Wednesday, April 27, 2011

Don't make a peep: the high volume cost of quiet consumerism

I was listening to the radio this past Sunday, and I heard an Easter fact that was a bit hard to swallow.

According to the National Retail Federation, the average consumer spent 131.04 on Easter items this year, up from $118 last year. That translates into $14.6 billion in Easter merch.

That's a lot of peeps.

And bunny-shaped chocolate. And cards. And plastic grass.

All of this Easter spending got me thinking.

What does the average American spend on other discretionary items?

To be fair, discretionary spending is subjective. For instance, there are many people who (for some reason I can't fathom) don't drink coffee, or simply have an occasional cup after dinner. For those people, coffee is discretionary.

Taking coffee off the table isn't an option for me. So in my world, coffee is a must-have. But going to Starbucks is discretionary.

It's not discretionary for a whole lot of people, though. Starbucks reported a record $3 billion in net revenue for the first quarter of 2011.

After all that coffee, who doesn't enjoy a refreshing breath mint? And what's better than the curiously strong Altoid? The sparkly zing of an Altoid is resonant in the mouths - and wallets - of consumers, racking up $48.1 million in sales last year.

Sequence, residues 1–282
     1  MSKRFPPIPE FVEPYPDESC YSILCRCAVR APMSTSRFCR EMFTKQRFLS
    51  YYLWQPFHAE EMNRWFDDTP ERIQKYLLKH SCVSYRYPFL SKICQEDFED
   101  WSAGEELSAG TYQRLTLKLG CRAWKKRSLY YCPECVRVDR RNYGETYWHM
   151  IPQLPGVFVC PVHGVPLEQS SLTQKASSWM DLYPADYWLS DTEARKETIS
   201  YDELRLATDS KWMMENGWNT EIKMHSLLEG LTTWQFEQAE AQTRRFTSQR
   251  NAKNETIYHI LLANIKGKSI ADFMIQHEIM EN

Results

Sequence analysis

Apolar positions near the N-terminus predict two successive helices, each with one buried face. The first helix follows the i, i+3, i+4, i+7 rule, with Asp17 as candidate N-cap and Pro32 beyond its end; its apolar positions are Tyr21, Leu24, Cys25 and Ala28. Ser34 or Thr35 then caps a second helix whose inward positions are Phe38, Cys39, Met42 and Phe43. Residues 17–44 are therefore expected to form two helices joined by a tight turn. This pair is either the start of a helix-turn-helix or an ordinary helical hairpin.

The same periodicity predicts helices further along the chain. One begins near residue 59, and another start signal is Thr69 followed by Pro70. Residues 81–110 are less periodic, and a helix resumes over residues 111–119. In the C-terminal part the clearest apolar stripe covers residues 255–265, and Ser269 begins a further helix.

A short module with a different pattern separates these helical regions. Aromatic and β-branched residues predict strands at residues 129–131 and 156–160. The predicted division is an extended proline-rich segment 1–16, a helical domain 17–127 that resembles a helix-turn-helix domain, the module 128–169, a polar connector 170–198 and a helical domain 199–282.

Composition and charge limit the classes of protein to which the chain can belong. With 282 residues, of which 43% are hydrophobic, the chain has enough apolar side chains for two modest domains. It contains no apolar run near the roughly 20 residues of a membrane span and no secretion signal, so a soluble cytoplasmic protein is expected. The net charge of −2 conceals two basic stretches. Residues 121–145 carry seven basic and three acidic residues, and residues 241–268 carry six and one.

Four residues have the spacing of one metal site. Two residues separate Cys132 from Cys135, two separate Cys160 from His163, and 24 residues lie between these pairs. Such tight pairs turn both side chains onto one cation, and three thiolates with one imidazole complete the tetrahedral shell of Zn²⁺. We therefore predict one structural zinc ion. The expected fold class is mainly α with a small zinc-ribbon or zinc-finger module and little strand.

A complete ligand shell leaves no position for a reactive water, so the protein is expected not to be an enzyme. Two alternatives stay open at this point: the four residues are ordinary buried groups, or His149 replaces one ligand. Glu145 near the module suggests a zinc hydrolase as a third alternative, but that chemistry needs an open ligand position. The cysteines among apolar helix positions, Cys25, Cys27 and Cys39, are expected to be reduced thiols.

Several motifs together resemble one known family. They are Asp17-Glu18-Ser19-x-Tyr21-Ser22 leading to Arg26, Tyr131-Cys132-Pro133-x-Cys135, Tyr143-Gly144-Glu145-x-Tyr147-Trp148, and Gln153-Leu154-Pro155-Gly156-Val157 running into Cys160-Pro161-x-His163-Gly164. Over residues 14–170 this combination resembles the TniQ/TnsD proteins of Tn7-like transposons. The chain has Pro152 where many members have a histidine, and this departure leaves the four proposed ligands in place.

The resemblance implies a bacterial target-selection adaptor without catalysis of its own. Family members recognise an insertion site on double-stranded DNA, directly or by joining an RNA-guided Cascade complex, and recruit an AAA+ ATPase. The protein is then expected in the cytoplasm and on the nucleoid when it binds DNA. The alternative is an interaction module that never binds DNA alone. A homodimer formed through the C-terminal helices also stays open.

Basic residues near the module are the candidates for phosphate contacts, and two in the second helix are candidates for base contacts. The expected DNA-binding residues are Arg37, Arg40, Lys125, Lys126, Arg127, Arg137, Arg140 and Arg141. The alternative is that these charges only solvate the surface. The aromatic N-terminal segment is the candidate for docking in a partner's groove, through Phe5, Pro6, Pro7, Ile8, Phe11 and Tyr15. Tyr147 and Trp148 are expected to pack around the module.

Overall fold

Starbucks and Altoids aren't the only companies seeing market share increases and healthy bottom lines despite this tenuous economy.

Domino's Pizza is raking in the dough. A whopping $1.6 billion last year, in fact. That's an 11.9% increase in sales from 2009.

What better beverage to wash down this Domino's news than a Diet Coke? Just yesterday, the folks at Coke released their first quarter information, and I suppose it's no surprise that Coke products experienced a 6% growth in sales in North America during the first quarter of this year.

We're hooked on Coke. The average American drinks 412 Cokes a year, and that number doesn't even factor in the Diet Coke consumption

Hershey's first quarter net income is up 9%.
Yum Brands, Inc., which has Pizza Hut, KFC, Taco Bell and other eateries under its umbrella, announced record first quarter earnings earlier this month.

I'm not cherry-picking companies here. I've just thought about what items we buy that we don't necessarily need, and I've done a bit of digging.

I could go on and on with my findings, but it's safe to say that a trend has been identified. Cheap, discretionary products seem to be faring quite well despite what's happening with the economy. Maybe we buy all of this stuff as some kind of self-soothing reward.

The reality is that we quietly, habitually, willingly spend billions and billions of dollars every year on items that we could easily live without.

If word gets out to Domino's, Coke, Starbucks and the others that we know we don't need what they're selling, things could get ugly.

But I doubt that's going to happen (she wrote as she cracked open a Diet Coke).

And those companies are banking on it.

1 comment:

  1. Hmm, I'm pulling down the average for all these companies. I don't use any of them. Need I use discretion?